In-class time proves valuable

It seems like every Essential Studies class I have taken hits a point in the semester where students either choose to just not come to class anymore or drop the class for good.

To my estimation, it seems to occur the week after the first major exam or paper is due. Sometimes, it’s because the student is not understanding the professor, or the test was way above their level of comprehension.

As far as the university is concerned, they’re getting their money whether we show up to class or not. But in many ways, it is in their best interest for us to be in class and be engaged.

The people who quit coming to class or drop a class because they don’t care or don’t like the professor’s methods, make it better for people who actually want to be in these classes.

I had a class last semester that, according to Campus Connection, had a capacity of 100 and was filled on the first day of class.

As the days and weeks went by, fewer and fewer students came to the class, until finally the number of regular attendees  was about 35.

As the class grew smaller, it felt as if the professor’s lectures got better and more engaging.

Remarkably, on the days that we had tests, the class would grow to about 60 again.

To me, this was a clear sign that some people just chose not to come to class, either because they thought there was a better use of their time or there was no reason for them to come.

The most mystifying part of the situation has to do with the students who don’t show up for months and then realize they should arrive and take the final.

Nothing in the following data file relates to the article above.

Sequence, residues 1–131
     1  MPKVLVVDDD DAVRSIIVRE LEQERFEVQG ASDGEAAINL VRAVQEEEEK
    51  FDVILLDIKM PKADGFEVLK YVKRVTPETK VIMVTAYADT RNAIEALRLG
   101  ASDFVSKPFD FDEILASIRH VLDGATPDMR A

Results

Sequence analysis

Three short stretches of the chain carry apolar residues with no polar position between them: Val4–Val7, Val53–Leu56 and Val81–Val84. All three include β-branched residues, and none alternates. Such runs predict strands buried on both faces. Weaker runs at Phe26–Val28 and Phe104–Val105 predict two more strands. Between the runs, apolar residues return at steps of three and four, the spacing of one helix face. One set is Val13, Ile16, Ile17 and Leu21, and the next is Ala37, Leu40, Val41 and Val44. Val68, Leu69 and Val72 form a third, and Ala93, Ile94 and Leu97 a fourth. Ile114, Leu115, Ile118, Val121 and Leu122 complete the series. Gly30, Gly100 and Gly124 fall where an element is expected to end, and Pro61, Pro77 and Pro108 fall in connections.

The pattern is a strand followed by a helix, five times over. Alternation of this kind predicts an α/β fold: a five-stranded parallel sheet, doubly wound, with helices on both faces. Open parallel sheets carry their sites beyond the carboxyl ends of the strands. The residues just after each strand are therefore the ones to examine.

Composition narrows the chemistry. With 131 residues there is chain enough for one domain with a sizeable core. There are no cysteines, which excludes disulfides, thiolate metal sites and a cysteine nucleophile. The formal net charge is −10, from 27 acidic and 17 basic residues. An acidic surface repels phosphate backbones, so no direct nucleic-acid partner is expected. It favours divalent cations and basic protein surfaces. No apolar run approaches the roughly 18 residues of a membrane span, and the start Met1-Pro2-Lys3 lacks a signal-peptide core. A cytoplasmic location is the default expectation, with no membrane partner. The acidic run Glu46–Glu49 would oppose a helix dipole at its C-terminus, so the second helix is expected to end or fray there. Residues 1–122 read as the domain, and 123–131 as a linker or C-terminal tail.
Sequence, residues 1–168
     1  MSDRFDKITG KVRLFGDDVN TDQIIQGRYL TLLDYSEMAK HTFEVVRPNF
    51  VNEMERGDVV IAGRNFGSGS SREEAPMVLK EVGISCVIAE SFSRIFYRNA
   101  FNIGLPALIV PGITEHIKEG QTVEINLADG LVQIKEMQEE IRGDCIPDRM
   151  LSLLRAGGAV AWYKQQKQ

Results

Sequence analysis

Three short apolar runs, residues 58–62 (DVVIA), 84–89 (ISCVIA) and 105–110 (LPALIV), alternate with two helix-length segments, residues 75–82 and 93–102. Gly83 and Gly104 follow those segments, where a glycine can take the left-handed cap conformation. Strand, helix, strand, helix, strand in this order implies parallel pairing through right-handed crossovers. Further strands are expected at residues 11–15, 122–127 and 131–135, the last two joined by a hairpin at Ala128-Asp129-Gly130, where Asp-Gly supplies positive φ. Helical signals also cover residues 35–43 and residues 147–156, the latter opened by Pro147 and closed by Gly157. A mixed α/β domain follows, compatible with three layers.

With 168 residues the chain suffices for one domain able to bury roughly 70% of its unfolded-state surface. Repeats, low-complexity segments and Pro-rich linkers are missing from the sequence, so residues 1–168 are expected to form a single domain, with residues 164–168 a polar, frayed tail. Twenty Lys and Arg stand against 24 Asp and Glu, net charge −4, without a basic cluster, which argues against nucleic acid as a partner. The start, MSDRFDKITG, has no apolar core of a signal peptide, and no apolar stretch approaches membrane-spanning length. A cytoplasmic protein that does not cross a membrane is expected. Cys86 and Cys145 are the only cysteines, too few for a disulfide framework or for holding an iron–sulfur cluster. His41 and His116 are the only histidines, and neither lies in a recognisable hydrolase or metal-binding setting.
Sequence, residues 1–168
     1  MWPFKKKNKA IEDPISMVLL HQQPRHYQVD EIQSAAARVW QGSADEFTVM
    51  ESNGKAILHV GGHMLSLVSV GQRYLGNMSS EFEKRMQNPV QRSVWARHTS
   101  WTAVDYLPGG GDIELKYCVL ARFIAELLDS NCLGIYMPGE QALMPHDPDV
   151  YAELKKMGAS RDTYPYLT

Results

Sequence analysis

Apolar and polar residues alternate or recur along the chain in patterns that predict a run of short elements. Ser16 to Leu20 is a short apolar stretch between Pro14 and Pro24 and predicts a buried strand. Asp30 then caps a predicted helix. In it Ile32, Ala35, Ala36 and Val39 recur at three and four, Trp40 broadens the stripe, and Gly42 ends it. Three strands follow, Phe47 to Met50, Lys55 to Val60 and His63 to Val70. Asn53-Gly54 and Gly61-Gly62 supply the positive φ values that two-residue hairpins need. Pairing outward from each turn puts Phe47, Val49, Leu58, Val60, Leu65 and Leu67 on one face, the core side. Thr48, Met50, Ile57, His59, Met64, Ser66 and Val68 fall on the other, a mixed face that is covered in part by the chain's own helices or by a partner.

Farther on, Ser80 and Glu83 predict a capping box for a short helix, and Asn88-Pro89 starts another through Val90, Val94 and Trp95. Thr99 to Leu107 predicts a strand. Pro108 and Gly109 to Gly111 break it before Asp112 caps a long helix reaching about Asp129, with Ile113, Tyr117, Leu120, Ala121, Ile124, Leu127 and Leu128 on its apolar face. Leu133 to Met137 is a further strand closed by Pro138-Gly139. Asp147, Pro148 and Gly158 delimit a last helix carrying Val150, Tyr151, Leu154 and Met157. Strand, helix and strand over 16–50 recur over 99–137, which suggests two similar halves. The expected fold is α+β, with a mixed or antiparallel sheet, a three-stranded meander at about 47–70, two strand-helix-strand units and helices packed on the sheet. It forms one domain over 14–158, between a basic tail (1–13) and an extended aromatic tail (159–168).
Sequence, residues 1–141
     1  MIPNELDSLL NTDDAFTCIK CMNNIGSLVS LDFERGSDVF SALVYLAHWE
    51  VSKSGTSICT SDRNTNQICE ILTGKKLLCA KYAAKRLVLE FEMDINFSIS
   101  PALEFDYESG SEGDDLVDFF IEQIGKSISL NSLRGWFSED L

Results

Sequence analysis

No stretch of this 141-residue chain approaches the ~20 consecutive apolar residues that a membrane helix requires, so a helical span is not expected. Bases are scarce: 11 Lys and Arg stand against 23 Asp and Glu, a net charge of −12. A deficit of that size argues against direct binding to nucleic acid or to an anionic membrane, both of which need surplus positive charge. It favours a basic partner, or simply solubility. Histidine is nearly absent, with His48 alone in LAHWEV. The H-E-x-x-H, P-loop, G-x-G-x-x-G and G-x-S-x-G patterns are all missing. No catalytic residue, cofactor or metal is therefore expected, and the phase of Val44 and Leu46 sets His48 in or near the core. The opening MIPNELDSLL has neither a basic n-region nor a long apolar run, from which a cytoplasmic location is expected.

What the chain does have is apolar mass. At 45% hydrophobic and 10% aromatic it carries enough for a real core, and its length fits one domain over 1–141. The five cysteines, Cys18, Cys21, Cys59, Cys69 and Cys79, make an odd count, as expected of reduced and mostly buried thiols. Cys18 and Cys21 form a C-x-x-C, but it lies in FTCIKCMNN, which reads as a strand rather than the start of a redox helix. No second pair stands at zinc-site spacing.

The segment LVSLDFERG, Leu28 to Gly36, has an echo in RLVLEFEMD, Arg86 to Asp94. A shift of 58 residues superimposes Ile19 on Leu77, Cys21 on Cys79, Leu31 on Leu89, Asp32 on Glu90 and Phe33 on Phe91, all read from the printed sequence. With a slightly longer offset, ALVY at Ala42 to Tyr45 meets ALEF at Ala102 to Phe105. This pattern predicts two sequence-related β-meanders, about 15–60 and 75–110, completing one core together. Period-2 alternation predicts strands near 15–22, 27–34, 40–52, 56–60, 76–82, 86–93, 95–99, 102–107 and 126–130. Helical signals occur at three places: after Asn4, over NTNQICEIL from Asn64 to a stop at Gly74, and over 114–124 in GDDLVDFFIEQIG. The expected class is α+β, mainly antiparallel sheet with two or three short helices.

Why do they even bother to show up? What makes them think that the final is going to get their grade to passing?

That same class that had an average of 35 students per class and around 60 on exam days, had about 75 show up on final day. I want to know what the other 15 students were doing or thinking.

An important point that this group of students forgot was that a quarter of their grade was accumulated by in-class assignments and quizzes. I suppose people figured the credit was enough even if it meant passing with a D.

I, however, do not think that a D is sufficient in any class, whether it be English 110 or an upper level course.

All I want to say is that if they don’t want to be in class, and they don’t see any reason to be there, they really shouldn’t come.

It will allow for professor-student interaction to be much more meaningful.

Often times, these people who obviously do not want to be in class are distractions for both the professor and their classmates.

Smaller class sizes allow the professor to be more personable and interactionary and make the students who want to learn much more capable. This may be a bit harsh, but in reality, if you are not here at school to learn and take class seriously, you shouldn’t be here.

Micah Dewey is a staff writer for The Dakota Student. He can be reached at [email protected].